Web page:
For the second year running, a Keynote Systems study says Google provides the most satisfying search experience among North American users, despite competitive maneuvering from all of the other major search services.
The Keynote Customer Experience Rankings for Search Engine Sites tracked the search behavior of 2,000 users on AOL Search, Ask Jeeves, Google, MSN Search and Yahoo. The study is a follow-on to last year's survey of North American searchers, and is similar to the Chinese survey that I reported on in yesterday's SearchDay.
The study captured more than 250 metrics for each site and benchmarked 13 key business success measures, including user satisfaction, home page design and appeal, future usage and other factors. In addition to looking at general web search, this year's study also looked at local and image search.
"Google is still the king—they really are a clear favorite across all of the search categories," said Dr. Bonny Brown, Keynote Systems director of research.
Google outperformed its competitors in all 13 business success drivers measured in the study. Yahoo put in a strong second place showing in 12 of the 13 drivers measured. The top "impact drivers" that affected user perceptions were general search quality, home page appeal, special features and perceived site performance.
Ask Jeeves ranked third, followed by MSN Search and AOL's public web search site. The study also looked at AOL's member-only search and it would have tied Ask Jeeves in third place had it been available to all users.
What makes these findings particularly interesting is not Google's performance, but the fact that users prefer Google despite Keynote's finding that there is little actual difference in the relevance of results among all of the services. Keynote reported a similar finding last year, and it reinforces the idea that Google and Yahoo generate much of their satisfaction from factors apart from search quality.
That said, general search quality still has the greatest impact on user perceptions. Ask Jeeves showed the largest increase in general search quality over the last year, while MSN had the largest improvement in this area in the past six months.
In both cases, these jumps are related to search quality and the way sponsored listings are presented. Ask Jeeves reduced the number of sponsored listings it displayed this year, and MSN altered the presentation of its sponsored listings, more clearly identifying them and separating them from natural search results.
Yahoo is most competitive with Google in local and image search, according to Brown. In local search, 82% of Yahoo users reported task success, as compared to 83% of Google users, and 66% of Yahoo users were very satisfied with their search compared with 71% of Google users.
The study also found that users are taking advantage of specialized image search features, with 63% of Yahoo users and 56% of Google users clicking on the image search links when looking for pictures. There's less awareness of the other specialized services, with 28% of Google users and 39% of Yahoo users clicking the local search links, and even fewer accessing Yahoo shopping or the Froogle product search.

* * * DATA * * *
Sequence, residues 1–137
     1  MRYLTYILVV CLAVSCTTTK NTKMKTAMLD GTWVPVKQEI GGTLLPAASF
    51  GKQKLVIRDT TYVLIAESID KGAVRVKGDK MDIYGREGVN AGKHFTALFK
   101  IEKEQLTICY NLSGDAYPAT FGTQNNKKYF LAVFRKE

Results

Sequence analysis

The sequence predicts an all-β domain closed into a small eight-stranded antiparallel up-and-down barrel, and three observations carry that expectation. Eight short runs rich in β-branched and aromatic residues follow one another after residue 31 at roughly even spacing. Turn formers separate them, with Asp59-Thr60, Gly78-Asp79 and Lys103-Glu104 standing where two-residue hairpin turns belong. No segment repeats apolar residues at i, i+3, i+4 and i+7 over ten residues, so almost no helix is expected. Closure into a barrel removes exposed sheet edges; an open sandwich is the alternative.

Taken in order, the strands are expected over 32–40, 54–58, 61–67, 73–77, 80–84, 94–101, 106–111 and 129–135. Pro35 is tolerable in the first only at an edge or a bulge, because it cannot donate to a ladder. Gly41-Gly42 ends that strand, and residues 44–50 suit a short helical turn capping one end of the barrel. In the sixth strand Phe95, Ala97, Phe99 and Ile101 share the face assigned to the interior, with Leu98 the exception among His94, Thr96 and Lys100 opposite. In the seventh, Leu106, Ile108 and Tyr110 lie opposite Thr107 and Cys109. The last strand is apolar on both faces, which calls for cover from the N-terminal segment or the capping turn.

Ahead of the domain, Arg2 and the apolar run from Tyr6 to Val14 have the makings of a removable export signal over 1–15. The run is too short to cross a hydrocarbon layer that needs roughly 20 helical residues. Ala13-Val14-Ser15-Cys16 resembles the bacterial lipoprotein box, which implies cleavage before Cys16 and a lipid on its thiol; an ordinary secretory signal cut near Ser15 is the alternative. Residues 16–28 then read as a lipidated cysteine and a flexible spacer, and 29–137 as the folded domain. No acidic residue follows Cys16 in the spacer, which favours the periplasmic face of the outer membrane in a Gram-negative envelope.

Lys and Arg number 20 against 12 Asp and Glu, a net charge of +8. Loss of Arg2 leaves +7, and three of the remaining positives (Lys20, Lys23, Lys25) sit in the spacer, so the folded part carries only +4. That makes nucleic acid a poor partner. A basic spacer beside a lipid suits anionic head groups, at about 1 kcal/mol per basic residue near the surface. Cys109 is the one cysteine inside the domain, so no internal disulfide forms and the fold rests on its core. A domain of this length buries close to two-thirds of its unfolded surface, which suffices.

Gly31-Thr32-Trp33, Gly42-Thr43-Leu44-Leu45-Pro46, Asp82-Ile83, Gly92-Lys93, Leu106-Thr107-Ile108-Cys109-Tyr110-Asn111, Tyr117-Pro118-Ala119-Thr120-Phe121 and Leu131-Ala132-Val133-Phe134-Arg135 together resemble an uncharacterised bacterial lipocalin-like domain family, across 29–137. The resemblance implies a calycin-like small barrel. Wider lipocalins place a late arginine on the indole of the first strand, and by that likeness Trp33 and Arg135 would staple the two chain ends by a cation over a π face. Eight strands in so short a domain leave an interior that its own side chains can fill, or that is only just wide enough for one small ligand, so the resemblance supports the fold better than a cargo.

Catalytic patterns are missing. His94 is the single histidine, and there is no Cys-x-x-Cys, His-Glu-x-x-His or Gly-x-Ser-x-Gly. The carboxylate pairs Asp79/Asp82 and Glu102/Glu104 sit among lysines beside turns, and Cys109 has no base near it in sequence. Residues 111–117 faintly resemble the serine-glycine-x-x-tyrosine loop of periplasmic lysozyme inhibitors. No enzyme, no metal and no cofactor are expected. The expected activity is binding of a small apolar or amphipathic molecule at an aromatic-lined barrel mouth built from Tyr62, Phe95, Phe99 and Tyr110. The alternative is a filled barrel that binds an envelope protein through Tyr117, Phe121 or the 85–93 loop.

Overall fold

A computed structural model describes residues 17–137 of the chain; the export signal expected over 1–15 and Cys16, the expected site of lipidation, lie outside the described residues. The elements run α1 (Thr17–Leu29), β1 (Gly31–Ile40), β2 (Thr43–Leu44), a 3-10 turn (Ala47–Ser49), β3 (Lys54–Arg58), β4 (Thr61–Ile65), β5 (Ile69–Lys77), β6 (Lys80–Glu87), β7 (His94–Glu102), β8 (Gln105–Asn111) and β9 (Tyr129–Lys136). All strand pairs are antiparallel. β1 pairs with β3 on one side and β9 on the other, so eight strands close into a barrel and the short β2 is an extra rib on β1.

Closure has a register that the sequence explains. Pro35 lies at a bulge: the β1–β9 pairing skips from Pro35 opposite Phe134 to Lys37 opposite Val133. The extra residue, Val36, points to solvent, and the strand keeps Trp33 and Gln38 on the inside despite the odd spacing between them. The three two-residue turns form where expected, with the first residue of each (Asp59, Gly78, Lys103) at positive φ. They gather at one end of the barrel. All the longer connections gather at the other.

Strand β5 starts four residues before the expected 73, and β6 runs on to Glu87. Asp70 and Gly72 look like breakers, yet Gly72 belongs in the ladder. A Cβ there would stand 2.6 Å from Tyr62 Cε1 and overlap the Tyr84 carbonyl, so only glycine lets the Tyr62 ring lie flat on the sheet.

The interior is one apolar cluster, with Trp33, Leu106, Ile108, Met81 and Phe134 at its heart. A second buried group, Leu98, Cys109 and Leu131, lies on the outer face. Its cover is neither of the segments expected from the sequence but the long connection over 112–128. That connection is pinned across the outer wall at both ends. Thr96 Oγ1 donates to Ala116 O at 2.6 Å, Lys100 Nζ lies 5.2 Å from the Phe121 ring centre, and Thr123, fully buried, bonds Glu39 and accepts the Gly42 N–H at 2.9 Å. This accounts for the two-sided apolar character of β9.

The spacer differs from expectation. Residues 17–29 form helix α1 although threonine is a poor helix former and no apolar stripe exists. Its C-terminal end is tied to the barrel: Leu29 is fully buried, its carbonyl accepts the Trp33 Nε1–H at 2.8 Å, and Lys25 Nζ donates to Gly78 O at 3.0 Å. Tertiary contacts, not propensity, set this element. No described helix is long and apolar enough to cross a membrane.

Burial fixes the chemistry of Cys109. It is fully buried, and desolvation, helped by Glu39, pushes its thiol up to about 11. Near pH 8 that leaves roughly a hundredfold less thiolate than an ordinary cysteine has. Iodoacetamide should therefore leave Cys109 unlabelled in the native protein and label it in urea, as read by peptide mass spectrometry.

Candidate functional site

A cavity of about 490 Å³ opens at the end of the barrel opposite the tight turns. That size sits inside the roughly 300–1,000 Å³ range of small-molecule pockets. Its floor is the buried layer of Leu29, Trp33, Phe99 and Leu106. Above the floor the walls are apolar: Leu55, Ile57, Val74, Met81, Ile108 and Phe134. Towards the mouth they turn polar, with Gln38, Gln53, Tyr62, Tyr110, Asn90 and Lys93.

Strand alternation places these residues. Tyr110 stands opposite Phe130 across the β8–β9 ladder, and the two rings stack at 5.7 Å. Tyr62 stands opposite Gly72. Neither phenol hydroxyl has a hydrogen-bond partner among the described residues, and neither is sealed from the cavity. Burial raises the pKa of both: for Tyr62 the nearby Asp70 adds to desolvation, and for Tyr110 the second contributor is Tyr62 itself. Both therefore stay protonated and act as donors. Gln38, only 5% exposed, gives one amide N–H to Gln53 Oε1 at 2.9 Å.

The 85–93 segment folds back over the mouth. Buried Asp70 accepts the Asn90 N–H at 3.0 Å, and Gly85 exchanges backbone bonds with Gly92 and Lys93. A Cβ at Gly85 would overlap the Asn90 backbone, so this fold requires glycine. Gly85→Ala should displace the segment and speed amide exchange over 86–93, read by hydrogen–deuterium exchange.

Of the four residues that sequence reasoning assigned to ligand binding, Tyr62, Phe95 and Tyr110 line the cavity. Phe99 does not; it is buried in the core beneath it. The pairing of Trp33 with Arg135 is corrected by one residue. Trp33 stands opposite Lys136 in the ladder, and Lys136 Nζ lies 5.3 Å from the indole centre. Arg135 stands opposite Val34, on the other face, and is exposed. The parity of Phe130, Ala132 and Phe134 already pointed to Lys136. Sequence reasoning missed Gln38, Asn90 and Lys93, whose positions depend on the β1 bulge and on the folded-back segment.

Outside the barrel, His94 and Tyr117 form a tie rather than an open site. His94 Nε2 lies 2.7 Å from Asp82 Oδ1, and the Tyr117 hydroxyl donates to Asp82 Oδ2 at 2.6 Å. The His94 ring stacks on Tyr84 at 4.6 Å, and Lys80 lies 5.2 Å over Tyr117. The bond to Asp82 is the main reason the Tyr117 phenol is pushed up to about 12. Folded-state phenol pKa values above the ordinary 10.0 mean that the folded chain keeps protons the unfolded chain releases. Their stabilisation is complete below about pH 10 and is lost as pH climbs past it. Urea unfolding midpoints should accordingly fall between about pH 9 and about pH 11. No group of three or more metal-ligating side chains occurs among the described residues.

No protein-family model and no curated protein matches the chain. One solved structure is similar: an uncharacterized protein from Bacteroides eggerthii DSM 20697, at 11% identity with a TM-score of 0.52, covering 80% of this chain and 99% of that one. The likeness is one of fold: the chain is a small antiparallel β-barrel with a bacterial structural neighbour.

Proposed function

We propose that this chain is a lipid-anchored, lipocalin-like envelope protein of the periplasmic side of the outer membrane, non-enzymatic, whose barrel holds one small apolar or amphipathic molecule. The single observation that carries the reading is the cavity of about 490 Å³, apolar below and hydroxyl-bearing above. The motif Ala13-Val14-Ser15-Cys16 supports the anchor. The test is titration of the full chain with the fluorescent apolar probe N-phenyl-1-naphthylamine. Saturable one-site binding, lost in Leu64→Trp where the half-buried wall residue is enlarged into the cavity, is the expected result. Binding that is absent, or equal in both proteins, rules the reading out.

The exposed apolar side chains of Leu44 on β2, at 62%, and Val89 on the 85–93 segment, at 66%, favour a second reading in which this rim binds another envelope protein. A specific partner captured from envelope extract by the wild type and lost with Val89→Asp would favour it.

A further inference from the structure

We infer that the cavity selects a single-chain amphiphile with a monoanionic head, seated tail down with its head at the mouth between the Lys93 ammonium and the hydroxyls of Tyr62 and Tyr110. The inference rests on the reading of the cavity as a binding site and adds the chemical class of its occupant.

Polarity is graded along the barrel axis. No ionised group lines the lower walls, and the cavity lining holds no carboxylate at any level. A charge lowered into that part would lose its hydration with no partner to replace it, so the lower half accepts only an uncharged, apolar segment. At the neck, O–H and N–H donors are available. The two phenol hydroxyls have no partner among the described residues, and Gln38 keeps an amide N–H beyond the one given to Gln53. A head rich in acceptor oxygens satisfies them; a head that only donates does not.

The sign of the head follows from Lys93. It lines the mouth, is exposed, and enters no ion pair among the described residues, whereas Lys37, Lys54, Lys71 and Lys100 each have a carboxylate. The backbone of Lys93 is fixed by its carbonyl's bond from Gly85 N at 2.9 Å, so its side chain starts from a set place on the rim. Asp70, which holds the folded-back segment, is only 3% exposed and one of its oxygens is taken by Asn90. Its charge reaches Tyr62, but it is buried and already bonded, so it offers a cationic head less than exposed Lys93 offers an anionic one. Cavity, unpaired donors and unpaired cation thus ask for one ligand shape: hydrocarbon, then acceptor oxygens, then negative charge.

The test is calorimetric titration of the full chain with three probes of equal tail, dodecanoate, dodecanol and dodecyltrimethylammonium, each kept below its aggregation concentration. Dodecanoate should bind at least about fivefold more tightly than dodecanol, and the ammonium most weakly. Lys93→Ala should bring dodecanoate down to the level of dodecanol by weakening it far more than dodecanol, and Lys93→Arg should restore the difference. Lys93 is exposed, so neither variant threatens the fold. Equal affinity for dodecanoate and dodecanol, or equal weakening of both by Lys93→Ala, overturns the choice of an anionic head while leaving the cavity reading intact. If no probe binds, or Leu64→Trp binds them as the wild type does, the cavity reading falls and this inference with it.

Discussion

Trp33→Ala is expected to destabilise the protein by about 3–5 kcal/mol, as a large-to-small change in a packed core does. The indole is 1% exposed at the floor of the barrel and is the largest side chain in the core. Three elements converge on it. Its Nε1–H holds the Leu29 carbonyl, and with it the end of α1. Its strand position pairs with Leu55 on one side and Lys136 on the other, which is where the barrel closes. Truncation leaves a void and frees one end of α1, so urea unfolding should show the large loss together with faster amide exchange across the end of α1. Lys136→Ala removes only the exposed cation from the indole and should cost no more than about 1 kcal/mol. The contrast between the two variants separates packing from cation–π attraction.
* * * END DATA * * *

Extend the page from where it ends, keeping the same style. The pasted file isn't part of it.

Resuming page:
Familiarity with a service plays an important role in user satisfaction. A full 82% of new or infrequent users sent to search on Google were "very satisfied" with their experience, compared to 53% "very satisfied" with their experience on MSN. However, among regular or primary users, Google scored 92% satisfaction rate and MSN an 84% satisfaction rate. Ask Jeeves had the highest jump in satisfaction after new or infrequent users had performed a number of searches and became familiar with the service.
The user interface is also an important factor in influencing searcher perceptions. "The home page is often a very strong factor in driving future usage—things that you wouldn't think would have such a strong impact," said Brown.
MSN was the only site to show improvement in the perception of results being up to date. AOL's strongest performance was in the news search and product search categories, as well as in the special features category, but these results were primarily achieved by the success of its subscriber search site.
According to Brown, Google will maintain its competitive lead unless the other services make dramatic changes. What kinds of changes? Things like limiting the number of ads presented in results, bolstering the perception of having a cutting-edge back end, or improving other elements of design and organization in the user interface.
The good news for Google's competitors is that user loyalty isn't rock-solid, according to the study. "There certainly is a lot of hope for all of these engines because we're still seeing people say they'll switch if they don't find what they're looking for," said Brown.
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